Tasks done in school or for homework which require more than short answers are grouped together as extended writing. The following tips are given for layout.
The purpose is to inform an interested party on the findings of an investigation or experiment. It should contain a title, introduction, subheadings and a conclusion.
If using ICT, reports should be written in Word – see guidance.
- The language of a report should be formal.
- Pupils should avoid using ‘I’ and aim to use the passive tense.
(‘Conditions in the local area were found to be below standard and in need of repair.’)
- It should be written in the past tense.
- Report writing should avoid using too much descriptive language and convey detailed information and facts.
- Opinions should be offered as part of the conclusion only.
Letters – Formal and Informal
Formal: To someone in a position of authority.
Informal: To a friend or member of family.
If using ICT, letters should be written in Word – see guidance.
Formal and informal letters have different layouts.
|e.g A letter to a local newspaper, complaining about the poor quality of parks and open spaces in your area.||e.g A letter to your mother, telling her about your backpacking holiday|
|Formal language (‘It has come to my attention that the school’s facilities need immediate improvement.’)
This includes heightened language that you may not use in spoken language.
|Informal language â€“ a more friendly, ‘chatty’ approach. (‘I was so pleased to hear the exciting news about your engagement!’) Some pupils think that this means to write in slang or ‘text speak’â€¦It does not! ‘Lol’ is not a suitable informal approach!|
|A cohesive argument needs to be developed through the paragraphs. It should be opinionated and pupils should use strong verbs, adverbs and adjectives to express these opinions. (‘I was utterly appalled at the shocking quality of food at your restaurant.’)||Content should still be paragraphed but into topic areas rather than building an argument. Pupils should use colloquialisms, rhetorical questions and add personal touches to make it sound more approachable (‘Your Uncle Fred nearly fell out of his tree when I told him how much money I’d won on the Lottery! Well, can you blame him?’)|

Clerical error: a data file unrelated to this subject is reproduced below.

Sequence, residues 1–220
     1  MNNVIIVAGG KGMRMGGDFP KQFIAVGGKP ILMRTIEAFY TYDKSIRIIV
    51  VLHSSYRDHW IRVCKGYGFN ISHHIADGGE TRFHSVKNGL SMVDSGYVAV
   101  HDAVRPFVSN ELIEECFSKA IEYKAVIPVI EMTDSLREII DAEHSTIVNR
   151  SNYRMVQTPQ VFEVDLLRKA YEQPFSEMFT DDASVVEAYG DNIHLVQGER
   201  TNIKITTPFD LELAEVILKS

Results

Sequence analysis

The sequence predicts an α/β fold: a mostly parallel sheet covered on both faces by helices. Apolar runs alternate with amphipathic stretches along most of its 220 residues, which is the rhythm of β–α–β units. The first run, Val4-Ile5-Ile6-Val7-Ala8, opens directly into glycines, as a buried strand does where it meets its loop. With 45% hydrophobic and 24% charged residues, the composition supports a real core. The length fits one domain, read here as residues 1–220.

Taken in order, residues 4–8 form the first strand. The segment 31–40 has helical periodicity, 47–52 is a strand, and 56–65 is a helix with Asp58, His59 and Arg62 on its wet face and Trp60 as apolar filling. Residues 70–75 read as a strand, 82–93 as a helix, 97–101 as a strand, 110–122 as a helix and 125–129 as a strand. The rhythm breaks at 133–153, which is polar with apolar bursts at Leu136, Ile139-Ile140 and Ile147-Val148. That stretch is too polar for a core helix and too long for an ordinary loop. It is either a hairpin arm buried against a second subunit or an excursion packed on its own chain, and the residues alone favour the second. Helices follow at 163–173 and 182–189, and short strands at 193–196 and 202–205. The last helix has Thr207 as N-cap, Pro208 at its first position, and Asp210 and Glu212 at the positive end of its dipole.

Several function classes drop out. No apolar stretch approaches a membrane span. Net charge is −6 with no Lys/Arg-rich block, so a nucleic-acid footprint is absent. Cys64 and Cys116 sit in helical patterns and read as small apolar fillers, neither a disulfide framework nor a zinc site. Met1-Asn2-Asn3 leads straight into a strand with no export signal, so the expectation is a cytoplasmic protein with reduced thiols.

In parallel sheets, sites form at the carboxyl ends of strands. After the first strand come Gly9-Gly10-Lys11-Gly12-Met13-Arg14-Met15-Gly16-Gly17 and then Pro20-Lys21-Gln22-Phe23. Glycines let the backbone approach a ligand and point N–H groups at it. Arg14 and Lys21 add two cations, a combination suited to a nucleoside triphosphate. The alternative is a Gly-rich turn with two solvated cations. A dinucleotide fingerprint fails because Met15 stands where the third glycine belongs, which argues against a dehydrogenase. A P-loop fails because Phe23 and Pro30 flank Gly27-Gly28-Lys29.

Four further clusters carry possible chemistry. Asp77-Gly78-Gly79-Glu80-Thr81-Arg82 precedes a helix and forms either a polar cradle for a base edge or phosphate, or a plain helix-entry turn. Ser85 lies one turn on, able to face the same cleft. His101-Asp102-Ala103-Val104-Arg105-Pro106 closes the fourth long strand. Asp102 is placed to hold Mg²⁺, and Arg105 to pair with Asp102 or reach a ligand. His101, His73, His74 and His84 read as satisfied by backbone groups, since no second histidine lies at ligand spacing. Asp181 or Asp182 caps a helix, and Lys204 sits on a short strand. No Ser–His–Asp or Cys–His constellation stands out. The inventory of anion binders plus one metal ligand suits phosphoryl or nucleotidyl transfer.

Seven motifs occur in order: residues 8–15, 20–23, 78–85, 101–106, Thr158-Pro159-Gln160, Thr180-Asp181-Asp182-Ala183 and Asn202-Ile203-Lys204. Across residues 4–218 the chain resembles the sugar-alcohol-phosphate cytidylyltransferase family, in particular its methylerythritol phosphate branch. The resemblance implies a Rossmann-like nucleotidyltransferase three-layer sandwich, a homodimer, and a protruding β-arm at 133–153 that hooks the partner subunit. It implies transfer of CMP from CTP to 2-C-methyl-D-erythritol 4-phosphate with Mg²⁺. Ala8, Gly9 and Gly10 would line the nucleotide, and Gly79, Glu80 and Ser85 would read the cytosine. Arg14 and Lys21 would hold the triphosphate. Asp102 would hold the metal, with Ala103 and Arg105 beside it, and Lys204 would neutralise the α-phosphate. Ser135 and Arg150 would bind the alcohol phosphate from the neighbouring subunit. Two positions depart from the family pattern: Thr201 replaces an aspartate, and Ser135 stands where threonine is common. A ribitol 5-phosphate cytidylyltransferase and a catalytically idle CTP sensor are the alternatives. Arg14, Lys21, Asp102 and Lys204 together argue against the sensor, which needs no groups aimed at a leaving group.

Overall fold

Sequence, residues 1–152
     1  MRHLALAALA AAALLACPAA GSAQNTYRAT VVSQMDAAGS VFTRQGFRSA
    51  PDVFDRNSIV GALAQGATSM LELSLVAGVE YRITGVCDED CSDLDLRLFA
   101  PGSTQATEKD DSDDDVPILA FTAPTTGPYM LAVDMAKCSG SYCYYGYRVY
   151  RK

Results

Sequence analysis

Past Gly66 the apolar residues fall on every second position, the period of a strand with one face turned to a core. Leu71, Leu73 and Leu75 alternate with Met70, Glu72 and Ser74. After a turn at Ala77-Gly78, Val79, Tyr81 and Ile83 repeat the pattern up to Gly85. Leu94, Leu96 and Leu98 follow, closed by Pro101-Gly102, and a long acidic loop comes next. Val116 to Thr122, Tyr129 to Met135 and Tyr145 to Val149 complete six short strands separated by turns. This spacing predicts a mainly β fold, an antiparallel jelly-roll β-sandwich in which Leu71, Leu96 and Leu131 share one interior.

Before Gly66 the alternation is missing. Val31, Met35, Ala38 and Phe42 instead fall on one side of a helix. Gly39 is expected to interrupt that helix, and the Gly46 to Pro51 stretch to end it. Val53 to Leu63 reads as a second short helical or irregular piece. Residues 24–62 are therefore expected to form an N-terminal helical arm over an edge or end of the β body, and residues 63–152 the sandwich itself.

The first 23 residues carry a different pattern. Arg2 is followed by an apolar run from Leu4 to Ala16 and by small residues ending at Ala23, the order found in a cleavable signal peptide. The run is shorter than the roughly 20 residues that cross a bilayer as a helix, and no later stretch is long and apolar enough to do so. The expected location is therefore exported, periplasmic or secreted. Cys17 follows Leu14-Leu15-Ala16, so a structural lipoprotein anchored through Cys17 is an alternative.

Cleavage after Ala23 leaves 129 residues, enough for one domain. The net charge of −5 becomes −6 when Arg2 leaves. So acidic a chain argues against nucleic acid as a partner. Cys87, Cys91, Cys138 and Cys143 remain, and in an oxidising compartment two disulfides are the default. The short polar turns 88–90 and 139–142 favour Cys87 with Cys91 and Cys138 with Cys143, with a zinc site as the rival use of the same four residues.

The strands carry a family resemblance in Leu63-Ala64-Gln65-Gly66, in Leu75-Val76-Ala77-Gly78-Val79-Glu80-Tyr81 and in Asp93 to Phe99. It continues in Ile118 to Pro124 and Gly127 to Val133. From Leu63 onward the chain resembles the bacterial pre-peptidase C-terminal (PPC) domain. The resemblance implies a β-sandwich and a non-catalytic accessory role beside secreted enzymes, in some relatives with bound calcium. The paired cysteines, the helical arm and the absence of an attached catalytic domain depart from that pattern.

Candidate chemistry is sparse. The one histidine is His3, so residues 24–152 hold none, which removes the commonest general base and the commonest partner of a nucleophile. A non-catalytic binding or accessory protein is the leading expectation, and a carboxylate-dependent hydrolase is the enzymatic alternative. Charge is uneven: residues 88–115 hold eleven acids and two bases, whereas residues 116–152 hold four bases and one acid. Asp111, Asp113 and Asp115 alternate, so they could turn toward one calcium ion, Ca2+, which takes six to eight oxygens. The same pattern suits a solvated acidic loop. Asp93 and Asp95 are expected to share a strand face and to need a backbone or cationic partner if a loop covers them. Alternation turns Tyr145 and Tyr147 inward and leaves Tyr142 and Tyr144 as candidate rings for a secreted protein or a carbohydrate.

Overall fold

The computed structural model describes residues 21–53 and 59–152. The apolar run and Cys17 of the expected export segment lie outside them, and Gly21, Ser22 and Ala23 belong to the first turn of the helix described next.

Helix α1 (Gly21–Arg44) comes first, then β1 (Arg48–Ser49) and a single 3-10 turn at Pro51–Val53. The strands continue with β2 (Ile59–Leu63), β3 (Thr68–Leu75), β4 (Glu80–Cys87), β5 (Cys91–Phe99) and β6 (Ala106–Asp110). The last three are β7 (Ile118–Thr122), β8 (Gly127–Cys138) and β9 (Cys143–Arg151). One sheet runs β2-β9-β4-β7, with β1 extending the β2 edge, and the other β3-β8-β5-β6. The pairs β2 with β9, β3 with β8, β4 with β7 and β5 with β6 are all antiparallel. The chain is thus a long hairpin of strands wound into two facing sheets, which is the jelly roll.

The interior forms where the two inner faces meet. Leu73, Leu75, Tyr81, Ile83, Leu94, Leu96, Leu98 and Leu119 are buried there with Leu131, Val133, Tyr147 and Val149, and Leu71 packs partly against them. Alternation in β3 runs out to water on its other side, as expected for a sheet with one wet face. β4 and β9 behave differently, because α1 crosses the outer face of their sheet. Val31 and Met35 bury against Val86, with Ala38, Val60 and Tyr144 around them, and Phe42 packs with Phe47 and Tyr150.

Diary Writing / Empathy
Purpose: To recall a day’s event and to record a personal response to an event.
Layout: Simply date the piece and use paragraphs to structure the writing. Many pupils will be tempted to begin ‘Dear Diary’. This is fine for younger pupils but it isn’t particularly necessary and can seem inappropriate if writing as, for example, a WWI soldier, who would be unlikely to say it!
- Diaries should be written in the first person ‘I’.
- Diaries should be written in the past tense when recalling the events of the day.
- Pupils should try to write realistically from the given perspective. For example, when writing the diary entry of a WWI soldier, it could be very helpful to research the kind of slang used by soldiers at the time with the class beforehand so that it sounds authentic.
- Diary entries should include a personal response and the emotions of the character. Events should be told entirely through their eyes.
Purpose: To report on an important event or news worthy item
Articles should have a headline and sub-headings. They should be written in columns and include pictures.
If using ICT, articles should be written in Publisher.
- The first paragraph should include the 5 Ws – Who, Where, What, When, Why. E.g. Three youths were apprehended by police at 11.30 last night after joyriding through Beddau Square.
- The writing should include both facts and opinions, with the opinions being subtly presented as fact in favour of the article’s bias. E.g These tearaway teens narrowly avoided a serious crash involving another car.